Heroes among us

Filipino heroes are remembered on the last Monday of August.

Before President Gloria Macapagal-Arroyo changed the date in 2007, National Heroes’ Day was celebrated on 30 November under Executive Order 20 issued by President Jose P. Laurel in 1942.

Arroyo changed the date because of her holiday economics program which extends weekends to boost domestic leisure and tourism while reducing work disruption.

The nation is blessed with a long list of heroes but only nine made the official list.

They were chosen by the National Heroes Committee formed by President Fidel V. Ramos in 1995. The panel used the criteria laid out by Dr. Onofre Corpuz and Dr. Alfredo Lagmay.

The nine historical figures were named national heroes.

They are Jose P. Rizal, Andres Bonifacio, Emilio Aguinaldo, Apolinario Mabini, Marcelo H. del Pilar, Sultan Dipatuan Kudarat, Juan Luna, Melchora Aquino and Gabriela Silang.

Rizal is best remembered for his novels Noli Me Tangere and El Filibusterismo which inspired Filipinos to rise in arms against the Spaniards. His books exposed the Spanish abuses and led Filipinos to organize themselves against the foreign colonizers.

Known as the father of Katipunan, Andres Bonifacio found this secret society in 1892. It aims to oust the Spaniards and gain Philippine independence through a revolution.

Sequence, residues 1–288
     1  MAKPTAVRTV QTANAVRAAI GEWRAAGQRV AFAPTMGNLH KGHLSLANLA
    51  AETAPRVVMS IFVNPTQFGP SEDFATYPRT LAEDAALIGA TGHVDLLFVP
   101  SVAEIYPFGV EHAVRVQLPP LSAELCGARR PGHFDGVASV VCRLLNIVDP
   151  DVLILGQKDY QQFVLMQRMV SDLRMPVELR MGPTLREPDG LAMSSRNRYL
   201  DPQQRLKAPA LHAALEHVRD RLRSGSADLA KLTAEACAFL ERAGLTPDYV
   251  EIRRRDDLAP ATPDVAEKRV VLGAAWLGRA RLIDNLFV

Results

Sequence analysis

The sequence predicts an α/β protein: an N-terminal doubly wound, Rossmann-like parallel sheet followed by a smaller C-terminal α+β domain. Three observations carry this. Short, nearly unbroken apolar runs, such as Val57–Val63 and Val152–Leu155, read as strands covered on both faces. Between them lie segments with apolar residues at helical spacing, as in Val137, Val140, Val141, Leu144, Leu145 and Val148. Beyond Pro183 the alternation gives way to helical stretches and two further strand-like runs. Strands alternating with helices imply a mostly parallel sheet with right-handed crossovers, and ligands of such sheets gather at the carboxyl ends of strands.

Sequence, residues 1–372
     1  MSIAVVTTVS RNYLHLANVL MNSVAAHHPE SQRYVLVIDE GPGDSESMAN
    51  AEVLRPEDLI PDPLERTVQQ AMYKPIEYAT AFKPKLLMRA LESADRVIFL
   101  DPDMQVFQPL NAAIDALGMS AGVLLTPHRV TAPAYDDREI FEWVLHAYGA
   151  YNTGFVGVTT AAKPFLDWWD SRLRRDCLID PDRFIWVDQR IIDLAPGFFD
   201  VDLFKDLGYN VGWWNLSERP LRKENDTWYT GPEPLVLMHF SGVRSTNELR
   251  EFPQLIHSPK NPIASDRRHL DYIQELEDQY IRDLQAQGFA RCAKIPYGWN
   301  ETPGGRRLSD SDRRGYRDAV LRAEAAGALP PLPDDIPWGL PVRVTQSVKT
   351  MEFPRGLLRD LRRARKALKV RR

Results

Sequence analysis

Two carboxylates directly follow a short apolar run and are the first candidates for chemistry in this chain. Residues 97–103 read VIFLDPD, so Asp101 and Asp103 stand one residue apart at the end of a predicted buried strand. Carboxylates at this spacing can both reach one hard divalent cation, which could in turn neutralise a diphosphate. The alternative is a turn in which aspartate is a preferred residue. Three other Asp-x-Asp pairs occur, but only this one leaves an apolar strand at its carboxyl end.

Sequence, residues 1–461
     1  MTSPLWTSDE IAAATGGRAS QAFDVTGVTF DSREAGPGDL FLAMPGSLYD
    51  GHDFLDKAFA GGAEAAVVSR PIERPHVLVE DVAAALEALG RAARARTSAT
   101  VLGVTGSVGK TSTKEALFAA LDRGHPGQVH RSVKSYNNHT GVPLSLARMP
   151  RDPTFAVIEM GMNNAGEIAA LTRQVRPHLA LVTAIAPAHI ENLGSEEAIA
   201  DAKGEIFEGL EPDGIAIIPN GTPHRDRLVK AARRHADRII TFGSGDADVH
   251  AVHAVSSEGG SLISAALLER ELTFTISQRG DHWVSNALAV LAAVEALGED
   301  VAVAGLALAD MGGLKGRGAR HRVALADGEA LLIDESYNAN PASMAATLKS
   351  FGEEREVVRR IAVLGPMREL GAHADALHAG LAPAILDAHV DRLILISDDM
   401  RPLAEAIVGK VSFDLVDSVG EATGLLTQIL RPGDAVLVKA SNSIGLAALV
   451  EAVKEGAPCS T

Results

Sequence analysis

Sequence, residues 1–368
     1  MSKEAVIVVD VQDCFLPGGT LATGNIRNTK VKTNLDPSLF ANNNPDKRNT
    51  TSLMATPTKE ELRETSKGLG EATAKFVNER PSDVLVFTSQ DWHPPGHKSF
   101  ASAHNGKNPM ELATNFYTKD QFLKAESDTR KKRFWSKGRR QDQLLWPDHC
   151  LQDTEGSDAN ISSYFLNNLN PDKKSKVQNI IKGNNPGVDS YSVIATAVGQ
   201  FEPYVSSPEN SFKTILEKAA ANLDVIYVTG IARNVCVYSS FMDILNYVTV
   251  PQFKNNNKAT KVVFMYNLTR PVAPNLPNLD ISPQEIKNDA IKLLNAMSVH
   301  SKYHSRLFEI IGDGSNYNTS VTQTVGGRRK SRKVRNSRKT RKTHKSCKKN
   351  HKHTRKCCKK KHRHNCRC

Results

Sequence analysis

Emilio Aguinaldo also led an uprising against the Spaniards. He fought alongside the Americans in the Spanish-American War and later turned against them. He conducted a guerilla operation against American forces during the Philippine-American War.

He became the country’s first president of the republic.

Apolinario Mabini used his pen and paper to inspire the Filipinos to fight for their freedom. He was popularly known as the “Sublime Paralytic” and the “Brains of the Revolution.”

Before the Philippine revolution against Spain, Marcelo H. Del Pilar was one of the country’s most vocal anti-friar figures. After his mother passed away in 1872 and his brother was deported, he tried to undermine the friars’ power and influence over the affairs of the nation.

A Maguindanao leader, Kudarat, fought the Spanish invaders in Mindanao and prevented the spread of Christianity in the region.

Luna, a general, rose to prominence for his valor, unique strategy, and unyielding discipline during the Philippine-American war as a general.

The women were well represented.

Melchora Aquino provided the revolutionaries with food, medical care, and encouragement at her home which also served as the Katipuneros’ safehouse.

Gabriela Silang, on the other hand, took over the helm of the Ilocos revolution after her husband Diego Silang was assassinated. She united Filipino forces to carry on with the war against Spain and fiercely fought together with her troops against overwhelming odds.

The shortlist doesn’t mean the nation is lacking in heroes.

There are many heroes among us — the health workers and non-medical front liners fighting the ongoing Covid-19 pandemic, soldiers and policemen who keep the country safe, and overseas Filipino workers who bring much-needed funds to the country’s economy.

You and I can be heroes in our small way. We pay taxes on time, follow rules and regulations and go out of our way to assist those in need.

There is a hero in all of us.

Leave a Reply

Your email address will not be published. Required fields are marked *